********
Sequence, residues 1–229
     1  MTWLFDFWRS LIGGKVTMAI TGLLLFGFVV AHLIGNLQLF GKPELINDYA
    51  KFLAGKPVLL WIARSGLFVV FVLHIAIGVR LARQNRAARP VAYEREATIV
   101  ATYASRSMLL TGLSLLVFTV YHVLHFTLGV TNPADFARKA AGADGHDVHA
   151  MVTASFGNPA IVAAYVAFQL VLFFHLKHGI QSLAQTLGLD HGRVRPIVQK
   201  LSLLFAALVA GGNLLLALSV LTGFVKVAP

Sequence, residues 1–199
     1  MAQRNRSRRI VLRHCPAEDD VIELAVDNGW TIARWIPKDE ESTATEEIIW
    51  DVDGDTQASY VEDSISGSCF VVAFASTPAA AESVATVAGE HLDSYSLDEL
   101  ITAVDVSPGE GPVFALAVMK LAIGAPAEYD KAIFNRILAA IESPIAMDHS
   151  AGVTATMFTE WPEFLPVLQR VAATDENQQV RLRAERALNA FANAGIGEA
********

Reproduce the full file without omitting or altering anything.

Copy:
Sequence, residues 1–229
     1  MTWLFDFWRS LIGGKVTMAI TGLLLFGFVV AHLIGNLQLF GKPELINDYA
    51  KFLAGKPVLL WIARSGLFVV FVLHIAIGVR LARQNRAARP VAYEREATIV
   101  ATYASRSMLL TGLSLLVFTV YHVLHFTLGV TNPADFARKA AGADGHDVHA
   151  MVTASFGNPA IVAAYVAFQL VLFFHLKHGI QSLAQTLGLD HGRVRPIVQK
   201  LSLLFAALVA GGNLLLALSV LTGFVKVAP

Sequence, residues 1–199
     1  MAQRNRSRRI VLRHCPAEDD VIELAVDNGW TIARWIPKDE ESTATEEIIW
    51  DVDGDTQASY VEDSISGSCF VVAFASTPAA AESVATVAGE HLDSYSLDEL
   101  ITAVDVSPGE GPVFALAVMK LAIGAPAEYD KAIFNRILAA IESPIAMDHS
   151  AGVTATMFTE WPEFLPVLQR VAATDENQQV RLRAERALNA FANAGIGEA